• Washington thrives on creating confusion. The Bush and Obama Administrations have thought closing the Guantanamo Detention Camp (Gitmo) a good idea, but neither offered a compelling reason.

    Gitmo became necessary because none of our European allies wanted to take a bunch of bad guys, even at our expense. Their self-serving attitude hasn’t changed since World War II, when we had to bring more than 430,000 POWs to the U.S. because our European allies wouldn’t take them then. either. 

  • A divided nation

    Many of our leaders throughout history have told us that as a nation, “United we stand, divided we fall.”

    There is no doubt we are a seriously divided nation. How did we get in this deplorable state?

  • What do you call a political party that’s out of touch, doesn’t know it, has no leaders and wants to take the bat and ball and go home if you don’t play their game?

    The Party of Lincoln is immersed in its own Civil War. The Republicans have been whining so much on so many issues that people have stopped listening. It’s the same old story over and over again.

  • Over the years, Americans have had reasons to believe, and rightly so, that the federal Constitution is the cornerstone of our system of government.  It has been the final arbiter of law questions.  As such, it divides the federal government and the states and with this power it places various limitations on what each of the state governments can do.

  • Who should we support? 

  • In some circles, patriotism has become a synonym for arrogant or jingoistic. Some people even use it as a political weapon: “Don’t question my patriotism,” they say. Yet, this Memorial Day, and every other day for that matter, we should remember that those who died for this country are the true patriots.

  • Excuse me!                            

  • For reasons they would prefer not to discuss, politicians and bureaucrats become addicted to failed ideas. The so-called “war on drugs” is an example of political obsession – clinging to a bad idea, no matter how long it fails.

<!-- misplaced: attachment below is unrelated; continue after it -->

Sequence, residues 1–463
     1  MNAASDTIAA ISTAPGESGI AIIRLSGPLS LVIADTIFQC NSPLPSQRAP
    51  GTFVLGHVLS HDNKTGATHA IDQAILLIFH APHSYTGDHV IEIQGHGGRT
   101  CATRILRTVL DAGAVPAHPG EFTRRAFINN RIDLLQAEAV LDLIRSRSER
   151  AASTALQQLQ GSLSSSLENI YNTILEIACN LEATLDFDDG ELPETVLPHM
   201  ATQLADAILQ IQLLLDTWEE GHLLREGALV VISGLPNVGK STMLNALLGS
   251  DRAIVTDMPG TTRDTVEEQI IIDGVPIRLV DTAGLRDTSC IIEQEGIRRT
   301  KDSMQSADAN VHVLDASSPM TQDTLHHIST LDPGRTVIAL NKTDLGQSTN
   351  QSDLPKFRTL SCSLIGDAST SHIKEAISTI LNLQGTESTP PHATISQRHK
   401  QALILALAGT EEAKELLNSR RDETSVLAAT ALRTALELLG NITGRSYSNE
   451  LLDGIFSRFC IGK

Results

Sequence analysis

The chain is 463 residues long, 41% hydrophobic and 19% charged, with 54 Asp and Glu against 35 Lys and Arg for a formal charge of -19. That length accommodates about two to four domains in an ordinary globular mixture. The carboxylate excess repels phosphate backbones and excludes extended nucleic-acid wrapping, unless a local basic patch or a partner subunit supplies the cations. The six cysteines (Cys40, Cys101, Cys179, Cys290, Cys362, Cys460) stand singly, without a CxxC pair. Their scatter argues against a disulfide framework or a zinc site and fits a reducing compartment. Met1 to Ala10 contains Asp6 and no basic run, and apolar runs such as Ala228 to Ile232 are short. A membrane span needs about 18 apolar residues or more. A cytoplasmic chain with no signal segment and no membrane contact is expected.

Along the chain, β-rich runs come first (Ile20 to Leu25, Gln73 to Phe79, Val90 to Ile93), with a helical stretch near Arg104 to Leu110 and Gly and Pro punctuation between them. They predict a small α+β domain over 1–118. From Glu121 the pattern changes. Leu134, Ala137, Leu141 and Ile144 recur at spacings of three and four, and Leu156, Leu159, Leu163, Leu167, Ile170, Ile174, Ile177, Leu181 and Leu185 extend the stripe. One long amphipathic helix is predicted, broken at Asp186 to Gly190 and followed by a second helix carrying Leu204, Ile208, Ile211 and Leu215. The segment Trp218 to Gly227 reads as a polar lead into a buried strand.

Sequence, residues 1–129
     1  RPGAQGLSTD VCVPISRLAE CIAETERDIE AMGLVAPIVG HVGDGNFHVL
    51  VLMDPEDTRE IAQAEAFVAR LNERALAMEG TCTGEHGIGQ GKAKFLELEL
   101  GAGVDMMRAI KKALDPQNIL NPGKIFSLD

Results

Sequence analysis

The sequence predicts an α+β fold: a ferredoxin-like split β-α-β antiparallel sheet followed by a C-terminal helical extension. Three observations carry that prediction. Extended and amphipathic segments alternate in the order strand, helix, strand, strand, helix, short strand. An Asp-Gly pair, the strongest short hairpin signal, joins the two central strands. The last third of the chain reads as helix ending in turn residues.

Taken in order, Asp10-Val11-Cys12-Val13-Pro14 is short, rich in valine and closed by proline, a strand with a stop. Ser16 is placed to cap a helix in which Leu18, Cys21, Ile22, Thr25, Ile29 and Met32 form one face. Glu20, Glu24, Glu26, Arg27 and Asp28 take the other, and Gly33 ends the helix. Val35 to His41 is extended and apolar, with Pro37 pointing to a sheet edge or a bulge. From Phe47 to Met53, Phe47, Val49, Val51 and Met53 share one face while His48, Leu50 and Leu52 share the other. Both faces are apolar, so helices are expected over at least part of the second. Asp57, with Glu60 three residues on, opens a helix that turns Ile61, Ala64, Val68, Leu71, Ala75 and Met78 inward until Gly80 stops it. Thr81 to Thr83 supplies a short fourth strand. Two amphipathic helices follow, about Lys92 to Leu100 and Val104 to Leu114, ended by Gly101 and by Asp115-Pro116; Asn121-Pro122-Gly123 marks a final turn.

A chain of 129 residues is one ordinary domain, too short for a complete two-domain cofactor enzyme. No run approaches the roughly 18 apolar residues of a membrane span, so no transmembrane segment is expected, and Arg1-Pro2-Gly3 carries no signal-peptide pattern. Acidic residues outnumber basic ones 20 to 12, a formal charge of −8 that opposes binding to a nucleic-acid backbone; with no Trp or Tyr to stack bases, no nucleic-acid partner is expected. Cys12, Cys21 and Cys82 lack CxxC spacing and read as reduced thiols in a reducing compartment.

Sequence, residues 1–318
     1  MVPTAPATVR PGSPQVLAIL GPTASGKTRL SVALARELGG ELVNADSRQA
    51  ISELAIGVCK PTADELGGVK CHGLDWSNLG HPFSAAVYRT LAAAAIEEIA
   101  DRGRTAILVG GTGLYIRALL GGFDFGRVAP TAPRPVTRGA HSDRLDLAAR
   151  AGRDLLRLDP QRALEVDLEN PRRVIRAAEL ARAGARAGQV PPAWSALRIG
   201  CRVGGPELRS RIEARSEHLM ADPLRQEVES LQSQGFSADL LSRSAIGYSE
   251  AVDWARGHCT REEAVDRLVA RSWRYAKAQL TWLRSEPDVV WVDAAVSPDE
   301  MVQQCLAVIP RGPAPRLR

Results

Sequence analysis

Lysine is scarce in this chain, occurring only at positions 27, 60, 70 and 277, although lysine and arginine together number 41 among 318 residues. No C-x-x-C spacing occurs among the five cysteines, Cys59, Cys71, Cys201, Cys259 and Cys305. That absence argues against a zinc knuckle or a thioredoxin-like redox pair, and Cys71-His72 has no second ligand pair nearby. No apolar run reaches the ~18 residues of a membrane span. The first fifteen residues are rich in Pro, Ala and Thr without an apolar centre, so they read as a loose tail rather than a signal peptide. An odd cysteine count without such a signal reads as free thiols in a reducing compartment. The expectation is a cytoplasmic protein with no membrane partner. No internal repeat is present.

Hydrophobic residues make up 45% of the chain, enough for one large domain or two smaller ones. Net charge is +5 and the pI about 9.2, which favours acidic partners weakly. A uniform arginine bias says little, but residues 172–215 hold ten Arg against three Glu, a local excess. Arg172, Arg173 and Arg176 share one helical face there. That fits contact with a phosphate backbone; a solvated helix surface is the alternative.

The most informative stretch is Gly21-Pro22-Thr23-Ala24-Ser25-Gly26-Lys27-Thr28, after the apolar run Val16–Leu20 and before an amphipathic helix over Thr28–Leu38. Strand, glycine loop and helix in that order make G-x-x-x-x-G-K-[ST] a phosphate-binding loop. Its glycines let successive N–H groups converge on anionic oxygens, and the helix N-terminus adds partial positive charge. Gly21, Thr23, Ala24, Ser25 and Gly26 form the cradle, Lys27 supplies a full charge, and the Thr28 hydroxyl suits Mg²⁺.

We do not mean to denigrate the efforts and sacrifices of those who have served valiantly in the trenches. They are fighting a problem that continues to get worse and has no conceivable end. 

  • You’ve got to love the inventive gall of Tallahassee’s privileged political class. Following a series of embarrassing scandals involving lobbyist gifts to state legislators, the Florida Legislature passed a sweeping gift ban in 2005 prohibiting state legislators, as well as the governor and other state officials, from accepting anything of value from lobbyists. Gone were the all-expense-paid trips, martini luncheons, dinner parties, personal gifts and other freebies.

    So the public was led to believe.

  • A challenge to

    free speech

    “Disagreeing with reasons to love Israel” Is a noble article by Janis Lentz. I am glad she exercised her free speech and did not remain silent. However, it would be interesting to know, if she knows that her free speech, might be being monitored? Also, in the very near future expressing such thoughts as this could be considered committing a crime.

  • The Boston Tea Party of 1773 was a key event leading up to the independence of the thirteen British colonies in America. It wasn’t fun and games with posters and pops. The Boston Tea Party participants put their lives and livelihoods at risk.

    Dressed as natives, the Boston gang dumped a cargo of tea into the harbor rather than allow the appointed British governor to bring it ashore to be taxed and sold. The colonists were waging a dangerous, running battle of refusal to be taxed, because they had no voice in local government.